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The bride and groom walk down the aisle together.
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Wedding customs and traditions in Switzerland
In Switzerland, culture is cherished. Traditional fairs, festivals and games are held throughout the year to celebrate numerous Swiss customs, offering the perfect opportunity for expats to feel a bit more Swiss.
Although the wedding ring is seen as one of the most universal symbols in the world, how it is made and worn varies across different cultures and religions. While marriage is something we find in almost every country around the world, each culture follows its own traditions when it comes to wedding clothes, color themes, blessing rituals, wedding food, and so on. Although Egypt is regarded as the birthplace of the modern wedding ring, the tradition was actually adopted in Neanderthal times.
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Dating Unplugged. A number of cultures and religions have their own way of marking a wedding day — and many brides and grooms at home or overseas have more than just an embarrassing best man speech to worry about…. The blackening of the bride is a Scottish tradition that takes the pre-wedding humiliation often found on stag and hen parties to the extreme.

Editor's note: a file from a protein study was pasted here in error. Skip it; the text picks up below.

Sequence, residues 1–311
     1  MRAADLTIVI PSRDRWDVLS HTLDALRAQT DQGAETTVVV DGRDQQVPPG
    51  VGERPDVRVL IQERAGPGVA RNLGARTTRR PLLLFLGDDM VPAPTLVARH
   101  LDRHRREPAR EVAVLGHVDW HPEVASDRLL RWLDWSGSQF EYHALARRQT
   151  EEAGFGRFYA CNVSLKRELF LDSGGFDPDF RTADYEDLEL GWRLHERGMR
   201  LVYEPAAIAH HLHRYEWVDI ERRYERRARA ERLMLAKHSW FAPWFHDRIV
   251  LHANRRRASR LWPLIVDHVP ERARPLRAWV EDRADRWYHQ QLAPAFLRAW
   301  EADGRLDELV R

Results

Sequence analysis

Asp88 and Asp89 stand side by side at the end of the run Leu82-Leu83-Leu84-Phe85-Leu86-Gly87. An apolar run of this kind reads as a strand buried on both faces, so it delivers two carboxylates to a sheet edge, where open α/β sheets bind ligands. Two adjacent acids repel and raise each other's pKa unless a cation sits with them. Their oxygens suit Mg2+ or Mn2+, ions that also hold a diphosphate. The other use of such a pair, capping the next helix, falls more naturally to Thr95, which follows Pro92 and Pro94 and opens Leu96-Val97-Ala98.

In Switzerland, the wedding ring is worn on the left hand. It is said that the "love vein" in the ring finger has direct access to the heart and will allow romance to flourish in the marriage. Typically, the friends of the bride and groom organise separate events, including travelling to other countries for a few days. Many girls also treat themselves to a break in a lovely spa hotel and take the opportunity to really get pampered. As a wedding planner, we recommend all wedding couples to hold their bachelor parties at least a few weeks prior to the wedding. Yes, the Swiss know how to party
Switzerland is a highly segmented society. Marital behavior, divorce, and fertility have varied significantly by language regions and religious denomination. Switzerland can be characterized by its early modernization of family and household structures as well as of marital and reproductive behavior. Socioeconomic and cultural factors favored the early demographic shift to the nuclear family.